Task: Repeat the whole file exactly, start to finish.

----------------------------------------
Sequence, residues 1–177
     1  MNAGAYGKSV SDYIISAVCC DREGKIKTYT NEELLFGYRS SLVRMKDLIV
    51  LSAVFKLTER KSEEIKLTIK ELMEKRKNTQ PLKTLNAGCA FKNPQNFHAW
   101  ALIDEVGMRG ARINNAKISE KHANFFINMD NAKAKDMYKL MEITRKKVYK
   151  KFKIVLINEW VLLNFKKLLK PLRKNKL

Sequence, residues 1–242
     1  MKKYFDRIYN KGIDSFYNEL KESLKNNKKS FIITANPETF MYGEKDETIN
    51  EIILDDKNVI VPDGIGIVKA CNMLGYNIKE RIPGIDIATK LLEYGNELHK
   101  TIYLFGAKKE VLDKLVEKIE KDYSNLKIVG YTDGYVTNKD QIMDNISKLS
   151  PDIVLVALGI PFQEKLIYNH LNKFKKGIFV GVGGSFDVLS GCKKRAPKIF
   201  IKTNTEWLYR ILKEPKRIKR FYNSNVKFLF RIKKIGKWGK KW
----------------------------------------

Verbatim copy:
Sequence, residues 1–177
     1  MNAGAYGKSV SDYIISAVCC DREGKIKTYT NEELLFGYRS SLVRMKDLIV
    51  LSAVFKLTER KSEEIKLTIK ELMEKRKNTQ PLKTLNAGCA FKNPQNFHAW
   101  ALIDEVGMRG ARINNAKISE KHANFFINMD NAKAKDMYKL MEITRKKVYK
   151  KFKIVLINEW VLLNFKKLLK PLRKNKL

Sequence, residues 1–242
     1  MKKYFDRIYN KGIDSFYNEL KESLKNNKKS FIITANPETF MYGEKDETIN
    51  EIILDDKNVI VPDGIGIVKA CNMLGYNIKE RIPGIDIATK LLEYGNELHK
   101  TIYLFGAKKE VLDKLVEKIE KDYSNLKIVG YTDGYVTNKD QIMDNISKLS
   151  PDIVLVALGI PFQEKLIYNH LNKFKKGIFV GVGGSFDVLS GCKKRAPKIF
   201  IKTNTEWLYR ILKEPKRIKR FYNSNVKFLF RIKKIGKWGK KW